Bitcoin too volatile to be adopted as legal tender, says BoE chief


Bank of England Governor Andrew Bailey has expressed concern over El Salvador’s acceptance of bitcoin (BTC) as a legal tender after President Najib Bukele announced the launch of Bitcoin City.

Bailey argued that El Salvador’s decision to accept Bitcoin as a currency is worrying because consumers are likely to suffer from the excessive volatility of the cryptocurrency.

On the first day of legalization of bitcoins in El Salvador, around $ 43,000 was sold, and on November 9, the price of bitcoin rose to a new record high, exceeding $ 68,000. at the time of writing.

90 day bitcoin price chart. Source: CoinGecko
“I am concerned that the country will choose it as its national currency,” Bailey said in a speech from the University of Cambridge Students’ Union, Bloomberg reported Thursday.

The governor also asked if Salvadorans understand the nature and instability of bitcoin, which is his biggest concern.

Bailey also quoted a new statement on El Salvador from the International Monetary Fund (IMF), which is responsible for tracking risks to global financial systems. A statement was issued Monday outlining the “significant risks” associated with the use of bitcoins as a legal tender and bitcoin trading in El Salvador.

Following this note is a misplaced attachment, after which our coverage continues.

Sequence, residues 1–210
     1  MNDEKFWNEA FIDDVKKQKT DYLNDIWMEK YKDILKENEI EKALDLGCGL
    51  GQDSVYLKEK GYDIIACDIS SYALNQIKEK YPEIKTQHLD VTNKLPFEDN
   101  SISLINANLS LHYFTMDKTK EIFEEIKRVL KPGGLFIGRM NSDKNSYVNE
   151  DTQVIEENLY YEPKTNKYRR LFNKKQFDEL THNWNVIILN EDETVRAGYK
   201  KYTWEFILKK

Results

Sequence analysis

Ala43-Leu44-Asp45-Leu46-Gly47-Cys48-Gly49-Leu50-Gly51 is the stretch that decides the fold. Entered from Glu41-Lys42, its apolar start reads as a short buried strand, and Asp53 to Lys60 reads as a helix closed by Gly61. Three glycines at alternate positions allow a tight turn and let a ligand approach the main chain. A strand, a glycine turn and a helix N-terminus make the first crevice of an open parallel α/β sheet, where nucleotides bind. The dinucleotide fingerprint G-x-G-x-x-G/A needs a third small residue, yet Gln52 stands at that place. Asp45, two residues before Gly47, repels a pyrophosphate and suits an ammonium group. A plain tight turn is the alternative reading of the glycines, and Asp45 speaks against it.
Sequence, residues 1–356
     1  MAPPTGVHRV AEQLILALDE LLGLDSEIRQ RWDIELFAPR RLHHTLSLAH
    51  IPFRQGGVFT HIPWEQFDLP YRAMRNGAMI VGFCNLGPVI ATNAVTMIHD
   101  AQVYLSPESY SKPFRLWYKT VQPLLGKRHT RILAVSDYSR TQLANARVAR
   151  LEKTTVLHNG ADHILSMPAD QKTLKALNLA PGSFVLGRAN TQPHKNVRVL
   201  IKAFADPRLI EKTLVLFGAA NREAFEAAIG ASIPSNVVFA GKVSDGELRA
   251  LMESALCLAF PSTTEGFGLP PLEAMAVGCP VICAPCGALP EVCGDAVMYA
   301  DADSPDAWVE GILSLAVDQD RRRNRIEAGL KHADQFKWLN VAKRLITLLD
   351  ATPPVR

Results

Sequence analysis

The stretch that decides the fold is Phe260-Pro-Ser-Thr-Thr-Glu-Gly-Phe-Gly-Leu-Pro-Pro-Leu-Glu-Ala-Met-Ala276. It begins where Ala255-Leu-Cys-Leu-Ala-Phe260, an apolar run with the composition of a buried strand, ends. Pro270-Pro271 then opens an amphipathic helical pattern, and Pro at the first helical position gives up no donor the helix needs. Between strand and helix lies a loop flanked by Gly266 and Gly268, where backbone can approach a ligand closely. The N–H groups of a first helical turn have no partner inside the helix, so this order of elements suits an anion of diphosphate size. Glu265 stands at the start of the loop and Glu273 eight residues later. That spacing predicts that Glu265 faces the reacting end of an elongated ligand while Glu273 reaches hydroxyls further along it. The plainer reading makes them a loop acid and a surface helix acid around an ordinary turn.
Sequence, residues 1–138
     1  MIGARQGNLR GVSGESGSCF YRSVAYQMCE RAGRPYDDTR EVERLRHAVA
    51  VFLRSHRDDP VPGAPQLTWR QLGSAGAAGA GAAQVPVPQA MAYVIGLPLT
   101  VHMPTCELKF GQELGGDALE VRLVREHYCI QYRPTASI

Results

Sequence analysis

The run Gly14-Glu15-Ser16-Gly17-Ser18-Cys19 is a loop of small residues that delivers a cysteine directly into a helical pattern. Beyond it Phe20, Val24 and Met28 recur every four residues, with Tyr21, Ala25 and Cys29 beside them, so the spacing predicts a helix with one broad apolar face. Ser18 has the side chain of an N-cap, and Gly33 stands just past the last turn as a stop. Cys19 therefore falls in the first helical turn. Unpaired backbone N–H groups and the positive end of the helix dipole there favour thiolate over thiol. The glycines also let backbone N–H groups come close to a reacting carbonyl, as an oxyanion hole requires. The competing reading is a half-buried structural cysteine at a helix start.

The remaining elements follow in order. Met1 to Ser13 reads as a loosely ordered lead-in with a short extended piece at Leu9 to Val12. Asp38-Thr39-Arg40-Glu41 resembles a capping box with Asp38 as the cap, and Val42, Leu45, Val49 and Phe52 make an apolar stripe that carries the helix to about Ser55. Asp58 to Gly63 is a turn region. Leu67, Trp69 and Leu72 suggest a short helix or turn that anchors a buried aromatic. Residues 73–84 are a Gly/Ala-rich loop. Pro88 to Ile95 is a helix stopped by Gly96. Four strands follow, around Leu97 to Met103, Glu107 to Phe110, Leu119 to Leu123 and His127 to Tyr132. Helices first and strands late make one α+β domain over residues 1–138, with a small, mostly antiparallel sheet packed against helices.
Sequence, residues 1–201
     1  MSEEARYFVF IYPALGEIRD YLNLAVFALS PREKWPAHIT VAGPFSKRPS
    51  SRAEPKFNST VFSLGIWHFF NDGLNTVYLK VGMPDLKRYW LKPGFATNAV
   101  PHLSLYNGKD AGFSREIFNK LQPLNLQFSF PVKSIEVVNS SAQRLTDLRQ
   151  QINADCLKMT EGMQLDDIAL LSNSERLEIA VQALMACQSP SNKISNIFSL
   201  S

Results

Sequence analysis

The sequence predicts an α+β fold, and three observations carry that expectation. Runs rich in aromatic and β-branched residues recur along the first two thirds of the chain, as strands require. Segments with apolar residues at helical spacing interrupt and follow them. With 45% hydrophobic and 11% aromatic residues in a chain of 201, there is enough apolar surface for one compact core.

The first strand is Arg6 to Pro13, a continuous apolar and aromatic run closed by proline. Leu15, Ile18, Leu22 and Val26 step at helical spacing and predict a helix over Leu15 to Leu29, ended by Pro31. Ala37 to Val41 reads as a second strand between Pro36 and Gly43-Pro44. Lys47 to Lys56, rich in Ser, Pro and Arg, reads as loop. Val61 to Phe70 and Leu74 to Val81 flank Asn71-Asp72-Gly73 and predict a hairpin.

The International Monetary Fund previously issued a warning against El Salvador’s bitcoin law in June, which did not stop the country from accepting and accepting BTC as a legal tender in September. Bailey added that the Bank of England is considering launching a digital central bank currency (CBDC), saying:

“Digital currencies have good reasons, but we believe they must be stable, especially if they are used for payments. This does not apply to cryptocurrencies. ”
RELATED: El Salvador’s Dollar Debt Deteriorates Bitcoin Bond Plans

The news came shortly after the Bank of England’s Deputy Chief Financial Officer, Sir John Cunliffe, declared the central bank’s digital currencies to be “a revolution in technology-based monetary functions”. On the other hand, most of the adult population in the UK were skeptical of the possible adoption of the CBDC, according to an August poll by Redfield & Wilton Strategies.



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